Some of my highest clickthrough rates and eCPMs come from articles and sections of my site that have prodigious amounts of information. If your site is an authority for a topic, you're more likely to attract and keep users who are seriously interested in the products or services that are offered by advertisers (and by affiliate partners, if your topic lends itself to affiliate links).
The strategy of capturing users via search and sending them away almost immediately via AdSense clicks has several obvious weaknesses:
1) It requires a constant stream of new search referrals, and it makes the site extremely vulnerable to changes in search algorithms.
2) Because users are unlikely to come back to a site with little information, the site loses other opportunities to profit during the user's personal research and buying cycle. (If you don't understand why this is important, search Google for information on DoubleClick's "research before the purchase" study.)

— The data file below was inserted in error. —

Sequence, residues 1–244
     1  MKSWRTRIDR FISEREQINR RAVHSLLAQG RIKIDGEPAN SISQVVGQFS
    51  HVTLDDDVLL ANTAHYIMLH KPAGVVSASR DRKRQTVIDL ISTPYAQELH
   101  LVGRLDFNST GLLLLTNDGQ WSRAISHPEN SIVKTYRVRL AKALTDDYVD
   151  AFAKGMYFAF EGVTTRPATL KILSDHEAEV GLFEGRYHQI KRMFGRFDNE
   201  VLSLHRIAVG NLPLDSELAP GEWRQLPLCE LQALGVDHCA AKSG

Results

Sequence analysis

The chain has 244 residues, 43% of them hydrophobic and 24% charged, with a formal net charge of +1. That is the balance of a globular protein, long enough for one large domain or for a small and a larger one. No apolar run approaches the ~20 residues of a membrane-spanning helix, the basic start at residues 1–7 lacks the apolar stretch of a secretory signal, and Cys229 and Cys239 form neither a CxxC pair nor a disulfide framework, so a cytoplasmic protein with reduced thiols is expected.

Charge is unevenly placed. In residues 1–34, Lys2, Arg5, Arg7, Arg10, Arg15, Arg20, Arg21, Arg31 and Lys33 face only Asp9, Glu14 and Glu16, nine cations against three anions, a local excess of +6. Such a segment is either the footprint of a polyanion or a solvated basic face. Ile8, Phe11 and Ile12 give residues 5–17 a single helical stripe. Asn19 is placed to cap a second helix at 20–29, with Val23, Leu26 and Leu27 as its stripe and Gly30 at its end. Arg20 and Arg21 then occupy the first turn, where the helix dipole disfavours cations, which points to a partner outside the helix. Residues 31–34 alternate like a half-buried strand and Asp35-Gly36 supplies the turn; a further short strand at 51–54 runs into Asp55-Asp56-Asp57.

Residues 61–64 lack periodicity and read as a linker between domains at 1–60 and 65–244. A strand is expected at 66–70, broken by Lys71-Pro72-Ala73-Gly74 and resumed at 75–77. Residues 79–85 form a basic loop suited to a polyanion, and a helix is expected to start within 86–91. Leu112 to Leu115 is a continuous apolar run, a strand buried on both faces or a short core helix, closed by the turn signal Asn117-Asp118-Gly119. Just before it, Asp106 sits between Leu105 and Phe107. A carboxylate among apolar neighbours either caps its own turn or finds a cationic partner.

3) Clicks from sites with little information aren't likely to convert well. (In the travel sector, for example, the clickers are more likely to be "lookers" than "bookers.") This could lead to greater smart-pricing discounts for advertisers and less money for the publisher.
4) Finally--and most important--users who aren't satisfied with the information on a site don't have to click on ads: they can just as easily use the back button to return to the search engine. (Unless, of course, you've been stupid enough to disable the user's back button.)